[00:08:09] David Ehrlichman: Yeah, and that's a great word. We can't control these efforts, but we can and should cultivate them. Many people assume that networks or collaborations just happen, that people will self-organize spontaneously. That can happen, but really it's quite rare and usually it only goes so far. So the truth is that leadership always matters.

[00:08:31] It's just a really different form of leadership than the one we see in hierarchical environments. So rather than defining rigid structures and rules, network leaders, they nurture a culture of trust and reciprocity. Instead of command and control they seek to connect and support collaboration, they're not there to tell people what to do, but to foster self-organization and to support people to discover what they can and want to do together.

[00:08:56] Zannat Reza: Now having different types of network leaders is key. Some leaders connect people while others bring people together, facilitate meetings and conversations. David's tips for building an impact network is creating concentric circles of support with the core leadership group in the center. They bring people together to explore and cross pollinate ideas, meet new people, and find opportunities to collaborate. This also allows people to see who's doing what in the ecosystem so they don't duplicate that work.

[00:09:24] And ultimately it's about building trust. David says, change happens at the speed of trust, not necessarily at the speed of a production schedule. So let's do a deep dive on the potential of impact networks to shape the future of aging in Canada.

[00:09:38] I spoke to John Yip, the president and CEO of SE Health. That's right, the big boss where I work. I started off asking him his thoughts on Impact Networks being organic ecosystems and whether he's seen any in action.

[00:09:51] John Yip: So when we talk about Impact Networks in aging, and the ecosystem that is built within individuals, academia, service providers like SE Health, general population caregivers, and clients that all form a collective, it very much builds on the energy, the knowledge, the experience of all those participants. And one way that I've seen, and have the privilege of participating in, is our Courage Initiative, which is an Impact Network, a national Impact Network that we've partnered with Covenant Health in Alberta to develop.

[00:10:28] But it's not just about SE Health and Covenant, or just service providers. It is a massive collection of individuals, organizations that span multiple dimensions of the aging process. Now we think about aging as just healthcare, but it's not there's social issues, there's economic issues, there's workplace issues, there's, housing; it is multi-dimensional

[00:10:53] Zannat Reza: Courage: Action for Better Aging is a Canadian initiative that works as a social movement to help people grow older on their own terms. This coalition of changemakers is working on ways to help people live at home for as long as they wish. This includes creating community hubs where there's seamless access to housing, healthcare, and social supports.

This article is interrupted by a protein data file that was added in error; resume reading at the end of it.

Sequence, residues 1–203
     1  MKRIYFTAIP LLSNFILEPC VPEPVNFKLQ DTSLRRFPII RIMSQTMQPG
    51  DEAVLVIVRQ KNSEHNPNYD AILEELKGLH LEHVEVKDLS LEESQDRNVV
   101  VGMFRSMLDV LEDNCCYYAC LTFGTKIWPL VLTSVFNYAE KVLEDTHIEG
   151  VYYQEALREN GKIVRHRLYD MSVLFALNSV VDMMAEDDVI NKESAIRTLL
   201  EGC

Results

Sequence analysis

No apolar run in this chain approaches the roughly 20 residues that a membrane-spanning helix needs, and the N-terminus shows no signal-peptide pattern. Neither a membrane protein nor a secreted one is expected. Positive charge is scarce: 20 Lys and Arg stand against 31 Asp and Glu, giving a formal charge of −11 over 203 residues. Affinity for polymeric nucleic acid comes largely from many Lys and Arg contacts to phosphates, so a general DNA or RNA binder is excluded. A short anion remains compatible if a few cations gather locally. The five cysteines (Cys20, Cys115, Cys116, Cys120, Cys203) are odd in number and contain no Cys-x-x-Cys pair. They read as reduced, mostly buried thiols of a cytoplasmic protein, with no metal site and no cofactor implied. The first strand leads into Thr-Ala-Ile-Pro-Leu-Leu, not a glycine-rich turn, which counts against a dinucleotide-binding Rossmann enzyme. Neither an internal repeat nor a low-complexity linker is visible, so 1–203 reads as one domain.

[00:11:12] And because aging is a multi-dimensional issue, I asked John what his aspirations were for Courage.

[00:11:18] John Yip: The simple answer, Zannat, would be that ageism is talked about in our society. It's not. It is a hidden issue that we've buried. We don't think about it, our youth don't think about it because they're not experiencing what our older adults or older Canadians are faced with.

[00:11:37] And so, I think the goal would be to have a social movement where it's intergenerational, where all elements that we talked about, the nonlinear journey that ageism takes, is brought to the forefront of our society's consciousness. In Asia, in the Scandinavian countries where they flip the script around how to deal with ageism. And in Canada, we're quite the opposite; we don't think about it. Our youth don't think about it. Middle-aged people like me, most people don't think about it.

[00:12:10] Zannat Reza: So the idea of impact networks in Canada has slowly taken off with coalitions beginning to crop up. In addition to Courage and the Canadian Coalition Against Ageism, there's a community based senior services organizations group advocating for more funding and cohesiveness among community organizations and initiatives. As well, there's a social prescribing [00:12:30] movement that's connecting health professionals with community programs and services. But these efforts aren't targeted specifically at older adults, and a theme of this podcast series is that solutions need multiple generations to be involved. And even though we're all getting older, most of us don't think about it until we actually feel old.

[00:12:47] So I asked John, how do we engage future older adults? Because you know, if you're lucky, you'll grow old one day too.

[00:12:54] When we think about interactions between generations, this whole piece around ageism and you know, you look at media and oftentimes generations are pitted against one another. Whereas, you know, there's a lot of commonalities in terms of values, et cetera.